As Turkey intensifies war on Kurdish militants in Iraq, civilians are suffering
Seventeen-year-old Samir Saado was finishing his cleaning shift at the village medical centre when an airstrike hit the building.
"I didn't see anything other than dust and smoke," said Saado, a member of Iraq’s minority Yazidi community. "My leg was stuck under the rubble. I called for help and people were coming but the planes kept striking.”
At least four civilians were killed that day, Aug. 17, 2021, local officials said. Among the dead was Saado’s father, who worked as a cook at the centre in Iraq’s northern Sinjar province, about 100 km (62 miles) from the Turkish border. Saado suffered a broken pelvis and a cracked skull.
The strike was part of escalating attacks by Turkish aircraft and drones in mainly Kurdish areas of Iraq and Syria, which have since continued, a Reuters data analysis shows. Western firms have supplied critical components for the drones, which Kurdish and Iraqi officials say Turkey is deploying with increasing frequency.
Airstrikes have surged since Turkey launched “Operation Claw-Lock” in April last year. The aim, the Turkish Defence Ministry says, is to protect Turkey’s borders and “neutralise terrorism and terrorists at source.” Earlier this month , Turkey unleashed air strikes on militant targets in northern Iraq and Syria after the Kurdistan Workers' Party (PKK) said it was behind a bomb attack near government buildings in Ankara, in which two police officers were injured.
Northern Iraq is the base of the PKK, which over decades has carried out many deadly attacks in Turkey and is labelled a terrorist organisation by the United States and European Union.
Turkish operations in Syria target the Kurdish People’s Protection Units (YPG), a militia that Ankara says is a PKK-affiliated terrorist group. The YPG is part of the Syrian Democratic Forces, a U.S. ally against Islamic State.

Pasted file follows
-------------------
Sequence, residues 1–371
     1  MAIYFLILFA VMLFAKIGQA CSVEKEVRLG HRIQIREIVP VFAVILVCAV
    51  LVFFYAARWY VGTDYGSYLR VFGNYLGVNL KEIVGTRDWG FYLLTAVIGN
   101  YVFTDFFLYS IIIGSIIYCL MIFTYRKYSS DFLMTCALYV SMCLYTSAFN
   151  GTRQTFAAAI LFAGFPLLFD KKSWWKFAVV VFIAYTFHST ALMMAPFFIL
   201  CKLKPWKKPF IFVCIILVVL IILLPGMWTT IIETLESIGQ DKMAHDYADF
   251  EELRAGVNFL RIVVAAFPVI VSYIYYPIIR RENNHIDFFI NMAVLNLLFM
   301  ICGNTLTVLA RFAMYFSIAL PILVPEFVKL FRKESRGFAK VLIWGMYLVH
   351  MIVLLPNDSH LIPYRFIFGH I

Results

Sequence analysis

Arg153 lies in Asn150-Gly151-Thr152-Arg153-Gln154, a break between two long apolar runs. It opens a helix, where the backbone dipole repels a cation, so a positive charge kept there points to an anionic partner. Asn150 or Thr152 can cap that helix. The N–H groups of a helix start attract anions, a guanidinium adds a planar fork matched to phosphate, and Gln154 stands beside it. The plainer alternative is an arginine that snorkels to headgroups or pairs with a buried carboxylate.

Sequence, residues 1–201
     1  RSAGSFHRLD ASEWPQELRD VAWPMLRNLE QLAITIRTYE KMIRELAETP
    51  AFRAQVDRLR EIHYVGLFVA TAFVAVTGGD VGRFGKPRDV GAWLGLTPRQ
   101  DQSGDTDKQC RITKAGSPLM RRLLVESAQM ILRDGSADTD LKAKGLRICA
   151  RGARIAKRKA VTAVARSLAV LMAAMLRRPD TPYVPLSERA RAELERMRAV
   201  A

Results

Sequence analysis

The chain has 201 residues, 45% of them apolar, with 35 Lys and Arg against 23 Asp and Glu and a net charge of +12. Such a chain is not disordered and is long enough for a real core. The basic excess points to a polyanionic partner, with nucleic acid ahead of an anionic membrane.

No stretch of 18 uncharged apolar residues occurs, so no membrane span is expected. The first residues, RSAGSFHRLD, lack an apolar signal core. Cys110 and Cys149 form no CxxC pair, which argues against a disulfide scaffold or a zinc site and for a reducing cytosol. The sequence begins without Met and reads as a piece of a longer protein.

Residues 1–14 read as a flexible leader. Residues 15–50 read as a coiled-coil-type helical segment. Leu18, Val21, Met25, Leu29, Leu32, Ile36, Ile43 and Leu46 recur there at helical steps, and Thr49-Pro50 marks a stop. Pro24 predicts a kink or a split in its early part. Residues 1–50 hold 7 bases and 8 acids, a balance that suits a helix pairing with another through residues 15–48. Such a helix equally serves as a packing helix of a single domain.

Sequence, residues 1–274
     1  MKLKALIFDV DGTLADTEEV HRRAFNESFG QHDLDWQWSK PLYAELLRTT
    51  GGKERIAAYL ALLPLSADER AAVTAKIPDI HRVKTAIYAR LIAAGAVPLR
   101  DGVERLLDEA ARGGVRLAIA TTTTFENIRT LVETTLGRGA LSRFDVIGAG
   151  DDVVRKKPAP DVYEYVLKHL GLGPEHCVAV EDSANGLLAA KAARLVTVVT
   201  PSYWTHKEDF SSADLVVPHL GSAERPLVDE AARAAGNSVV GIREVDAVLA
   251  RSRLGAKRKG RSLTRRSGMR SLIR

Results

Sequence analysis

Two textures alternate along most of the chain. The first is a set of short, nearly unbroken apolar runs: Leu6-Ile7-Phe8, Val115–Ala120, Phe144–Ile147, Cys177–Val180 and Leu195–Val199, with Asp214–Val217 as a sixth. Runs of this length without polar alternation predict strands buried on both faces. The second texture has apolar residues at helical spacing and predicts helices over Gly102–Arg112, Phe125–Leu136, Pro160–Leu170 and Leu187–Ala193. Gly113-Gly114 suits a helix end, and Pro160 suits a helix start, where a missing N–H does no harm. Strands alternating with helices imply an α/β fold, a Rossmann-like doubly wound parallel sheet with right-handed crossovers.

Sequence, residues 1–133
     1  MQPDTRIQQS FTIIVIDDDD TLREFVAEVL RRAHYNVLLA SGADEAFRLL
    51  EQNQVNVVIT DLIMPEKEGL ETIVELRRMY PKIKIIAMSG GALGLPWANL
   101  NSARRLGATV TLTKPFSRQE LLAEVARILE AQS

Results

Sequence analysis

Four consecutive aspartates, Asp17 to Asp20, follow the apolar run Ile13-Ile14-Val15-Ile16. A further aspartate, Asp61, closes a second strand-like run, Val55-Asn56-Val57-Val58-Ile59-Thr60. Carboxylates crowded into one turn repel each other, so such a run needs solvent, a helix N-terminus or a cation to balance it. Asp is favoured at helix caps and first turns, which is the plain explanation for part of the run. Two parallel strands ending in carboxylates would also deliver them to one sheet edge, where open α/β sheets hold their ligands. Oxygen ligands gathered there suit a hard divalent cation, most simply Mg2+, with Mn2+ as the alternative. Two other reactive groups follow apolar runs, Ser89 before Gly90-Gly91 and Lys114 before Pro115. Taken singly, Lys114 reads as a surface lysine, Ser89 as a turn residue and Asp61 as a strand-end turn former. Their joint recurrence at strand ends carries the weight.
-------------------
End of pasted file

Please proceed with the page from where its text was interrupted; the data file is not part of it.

Turkey’s Defence Ministry said in a statement to Reuters that all of its operations fall “within the framework of international law, respecting the territorial integrity and sovereignty of all our neighbours.”
“In the planning and execution of the operations, only terrorists and their positions, warehouses and shelters are targeted, and the utmost care and sensitivity is shown to prevent harm to civilians and to prevent damage to infrastructure and cultural sites.”
Any claims to the contrary “are unfounded, slanderous, and lies,” the statement said.
Reuters could not reach the PKK. The Syrian Democratic Forces said Turkish strikes in Syria are unjustified. A YPG spokesperson said its forces “did not fire a single shot in the direction of the Turkish state.”
Reuters analysed violent incidents recorded by the Armed Conflict Location & Event Data Project (ACLED), a global research organisation that collects reports from media outlets, government reports, non-governmental groups and other sources. This analysis shows that in 2022, Turkey carried out at least 2,044 airstrikes in mostly Kurdish areas of Iraq and Syria, a 53% increase on the previous year and the highest number since ACLED began documenting strikes across the two countries in 2017. The figure is likely a conservative estimate because Reuters’ analysis excluded airstrikes that may have been conducted in battle.
ACLED draws information about airstrikes in northern Iraq and Syria from sources including the PKK’s military wing, the Turkish state-owned news agency Anadolu and conflict monitors the Syrian Observatory for Human Rights, Airwars and Liveuamap....continue reading.